I hope people like telepathy so much they can't think of anything else but people-watching and buttsex. I expect the rate of idea-development to increase. It'll be like computers x 10. I just hope people don't like it too much. It'd be a drag if people stopped keeping track of stuff. (like they said would happen with computers/the internet.1) I'm willing to assume that if one telepath knows something then the next fifty telepaths, say within five blocks, know that same thing. I suppose memory, then is dependent on associations. And as excited as I am about the repercussions that has on identity and infectious thought, all I really want to know is "can anyone really forget anything if everyone around them knows it?"
I think plane rides would be exciting.
I just don't know what else we'll do re: work. I often tell people that if x gets us closer to a culture of artists and philosophers it is inherently good, even if we're putting our brains into needle-filled jars.
And if that's what happens when humans grow that organ, brain wrinkle, or gland, I promise I will be glad. If it means that we have to reorganize the mechanics of communication, then I'll probably be happier with my lobotomy.

1Incidentally, this is how a portion of computers were sold, and probably still are sold. To people who have kept track of their sales/taxes/random business concerns with rooms full of green paper notebooks, computers were the exciting accountant-in-a-box. And yet, my dad often complains about how much more paper he has now. Mostly because he has an accountant-in-a-box and feels encouraged to use it.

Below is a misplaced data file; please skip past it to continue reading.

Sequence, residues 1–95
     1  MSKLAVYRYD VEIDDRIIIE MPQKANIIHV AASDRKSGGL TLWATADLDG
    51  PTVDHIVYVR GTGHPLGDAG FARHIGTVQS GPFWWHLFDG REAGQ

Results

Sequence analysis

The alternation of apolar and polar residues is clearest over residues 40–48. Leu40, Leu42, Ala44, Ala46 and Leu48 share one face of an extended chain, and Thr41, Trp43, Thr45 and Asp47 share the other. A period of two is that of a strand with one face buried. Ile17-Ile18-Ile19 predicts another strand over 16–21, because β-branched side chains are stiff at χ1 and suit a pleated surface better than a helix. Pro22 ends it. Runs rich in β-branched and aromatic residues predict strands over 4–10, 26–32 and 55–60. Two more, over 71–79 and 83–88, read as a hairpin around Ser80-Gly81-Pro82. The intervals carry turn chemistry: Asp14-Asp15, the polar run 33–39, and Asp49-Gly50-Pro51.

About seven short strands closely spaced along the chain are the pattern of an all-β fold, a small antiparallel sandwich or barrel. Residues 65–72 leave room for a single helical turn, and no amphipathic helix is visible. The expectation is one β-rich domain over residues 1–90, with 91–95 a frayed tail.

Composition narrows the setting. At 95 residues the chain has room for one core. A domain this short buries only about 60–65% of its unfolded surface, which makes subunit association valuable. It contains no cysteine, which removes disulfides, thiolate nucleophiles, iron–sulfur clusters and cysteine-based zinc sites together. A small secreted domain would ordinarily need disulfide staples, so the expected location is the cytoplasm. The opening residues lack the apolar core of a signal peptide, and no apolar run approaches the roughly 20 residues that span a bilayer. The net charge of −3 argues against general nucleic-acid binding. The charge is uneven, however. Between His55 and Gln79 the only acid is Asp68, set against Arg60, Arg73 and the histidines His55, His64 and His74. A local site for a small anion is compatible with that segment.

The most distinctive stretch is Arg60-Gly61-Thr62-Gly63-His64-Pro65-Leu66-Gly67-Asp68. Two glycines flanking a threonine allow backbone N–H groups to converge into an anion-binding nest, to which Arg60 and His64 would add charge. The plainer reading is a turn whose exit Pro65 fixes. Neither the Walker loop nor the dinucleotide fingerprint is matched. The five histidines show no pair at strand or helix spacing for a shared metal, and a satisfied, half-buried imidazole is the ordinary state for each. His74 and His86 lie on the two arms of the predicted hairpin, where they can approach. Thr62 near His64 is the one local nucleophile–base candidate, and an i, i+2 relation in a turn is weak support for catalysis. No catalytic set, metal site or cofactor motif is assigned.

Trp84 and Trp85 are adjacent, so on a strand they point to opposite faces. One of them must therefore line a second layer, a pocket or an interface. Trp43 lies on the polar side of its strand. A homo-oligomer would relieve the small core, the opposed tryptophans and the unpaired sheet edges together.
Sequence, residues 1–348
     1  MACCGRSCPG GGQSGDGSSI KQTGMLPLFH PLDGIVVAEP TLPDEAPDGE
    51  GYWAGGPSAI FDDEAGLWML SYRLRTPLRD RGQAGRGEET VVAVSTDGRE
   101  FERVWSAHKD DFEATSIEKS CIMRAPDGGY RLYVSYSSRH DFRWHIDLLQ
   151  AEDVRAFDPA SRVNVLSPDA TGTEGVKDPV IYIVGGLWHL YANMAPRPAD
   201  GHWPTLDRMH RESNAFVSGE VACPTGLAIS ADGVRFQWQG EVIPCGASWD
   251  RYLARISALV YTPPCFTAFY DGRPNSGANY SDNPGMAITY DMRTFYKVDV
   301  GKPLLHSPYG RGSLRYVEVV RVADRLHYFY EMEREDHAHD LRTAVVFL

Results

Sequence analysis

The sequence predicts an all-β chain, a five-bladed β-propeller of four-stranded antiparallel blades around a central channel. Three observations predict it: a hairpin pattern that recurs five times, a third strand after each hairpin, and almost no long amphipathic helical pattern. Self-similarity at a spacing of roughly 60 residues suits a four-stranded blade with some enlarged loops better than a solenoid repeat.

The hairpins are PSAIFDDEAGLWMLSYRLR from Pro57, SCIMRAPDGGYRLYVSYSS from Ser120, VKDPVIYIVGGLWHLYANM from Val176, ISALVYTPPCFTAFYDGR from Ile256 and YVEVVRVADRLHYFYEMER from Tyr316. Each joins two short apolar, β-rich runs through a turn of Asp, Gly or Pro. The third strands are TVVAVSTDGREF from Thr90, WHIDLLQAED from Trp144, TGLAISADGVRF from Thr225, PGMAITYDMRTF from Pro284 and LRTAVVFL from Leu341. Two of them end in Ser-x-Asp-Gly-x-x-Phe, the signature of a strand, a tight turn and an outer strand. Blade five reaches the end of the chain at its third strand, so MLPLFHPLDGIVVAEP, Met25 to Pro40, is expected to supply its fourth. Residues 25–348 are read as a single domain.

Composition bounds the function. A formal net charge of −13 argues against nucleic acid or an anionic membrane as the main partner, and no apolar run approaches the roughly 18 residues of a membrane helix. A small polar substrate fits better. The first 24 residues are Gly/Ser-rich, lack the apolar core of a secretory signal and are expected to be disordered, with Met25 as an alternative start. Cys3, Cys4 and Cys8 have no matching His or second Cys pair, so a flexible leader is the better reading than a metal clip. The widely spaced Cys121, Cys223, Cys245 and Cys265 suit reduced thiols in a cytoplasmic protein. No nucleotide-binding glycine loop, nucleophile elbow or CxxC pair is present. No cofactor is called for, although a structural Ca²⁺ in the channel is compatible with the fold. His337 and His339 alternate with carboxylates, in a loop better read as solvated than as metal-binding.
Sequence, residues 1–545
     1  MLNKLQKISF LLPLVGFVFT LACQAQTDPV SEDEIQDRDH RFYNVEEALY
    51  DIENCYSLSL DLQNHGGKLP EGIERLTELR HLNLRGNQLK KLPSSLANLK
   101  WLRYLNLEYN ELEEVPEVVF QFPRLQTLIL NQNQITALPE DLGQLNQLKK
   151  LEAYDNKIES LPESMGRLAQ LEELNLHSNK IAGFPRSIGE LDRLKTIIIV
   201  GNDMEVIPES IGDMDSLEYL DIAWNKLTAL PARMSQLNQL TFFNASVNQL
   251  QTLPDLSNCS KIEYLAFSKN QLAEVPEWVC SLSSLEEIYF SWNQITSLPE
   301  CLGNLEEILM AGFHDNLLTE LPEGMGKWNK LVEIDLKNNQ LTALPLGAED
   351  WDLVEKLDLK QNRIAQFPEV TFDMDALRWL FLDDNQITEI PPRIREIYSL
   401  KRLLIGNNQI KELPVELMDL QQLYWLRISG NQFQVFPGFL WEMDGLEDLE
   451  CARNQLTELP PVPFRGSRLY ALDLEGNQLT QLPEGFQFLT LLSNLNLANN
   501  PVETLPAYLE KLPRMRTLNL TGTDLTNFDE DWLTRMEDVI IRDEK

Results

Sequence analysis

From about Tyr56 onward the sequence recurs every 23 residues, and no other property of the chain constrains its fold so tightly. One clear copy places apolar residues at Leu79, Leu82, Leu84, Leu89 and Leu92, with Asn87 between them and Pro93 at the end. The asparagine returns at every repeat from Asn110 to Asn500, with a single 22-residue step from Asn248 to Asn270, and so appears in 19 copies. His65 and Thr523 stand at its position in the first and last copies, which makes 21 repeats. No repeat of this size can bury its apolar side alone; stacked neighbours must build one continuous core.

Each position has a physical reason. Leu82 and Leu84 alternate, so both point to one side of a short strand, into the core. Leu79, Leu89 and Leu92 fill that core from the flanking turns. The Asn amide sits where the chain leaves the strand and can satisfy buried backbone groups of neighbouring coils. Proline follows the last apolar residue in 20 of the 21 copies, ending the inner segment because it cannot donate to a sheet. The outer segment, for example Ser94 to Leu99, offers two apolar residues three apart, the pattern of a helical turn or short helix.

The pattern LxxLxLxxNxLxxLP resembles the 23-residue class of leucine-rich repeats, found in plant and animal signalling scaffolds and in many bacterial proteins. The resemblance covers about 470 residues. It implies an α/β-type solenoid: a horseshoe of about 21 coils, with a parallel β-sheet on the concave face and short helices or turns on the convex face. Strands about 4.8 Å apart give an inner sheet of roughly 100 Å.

2 Which is just words anyway.

Thursday, November 6, 2008


Pick up this week's issue of U Weekly.

Open it to pg. 37.

Look at the round picture.

That's my butt crack.


Surely this doesn't make me famous. I've often stated that if I had to become famous, I would ask that fame wait until I were dead or dying.

And yet! There I am. The article is called Joe the Plumber, a Super Mario of Politics. There is also a Drew Barrymore/Winona Ryder effect when you carry the pixelated portion of photo which is my boxers and butt crack.
Joe the Plumber is famous.
People in tabloids are famous.
By the transitive property, I, too, am obviously famous. And if you don't believe me, well, you can bite my ass, because I don't have to explain my fame to you.

Tuesday, November 4, 2008

Cubs Win! Cubs Win!

Pretty cool, huh?

Michigan's passed a law approving some stem cell research and disapproving of some punishments for the possession of marijuana. (under one ounce and they'll just ask why you have this much Oregano while doing an impression of Bobby's Mom from Bobby's World)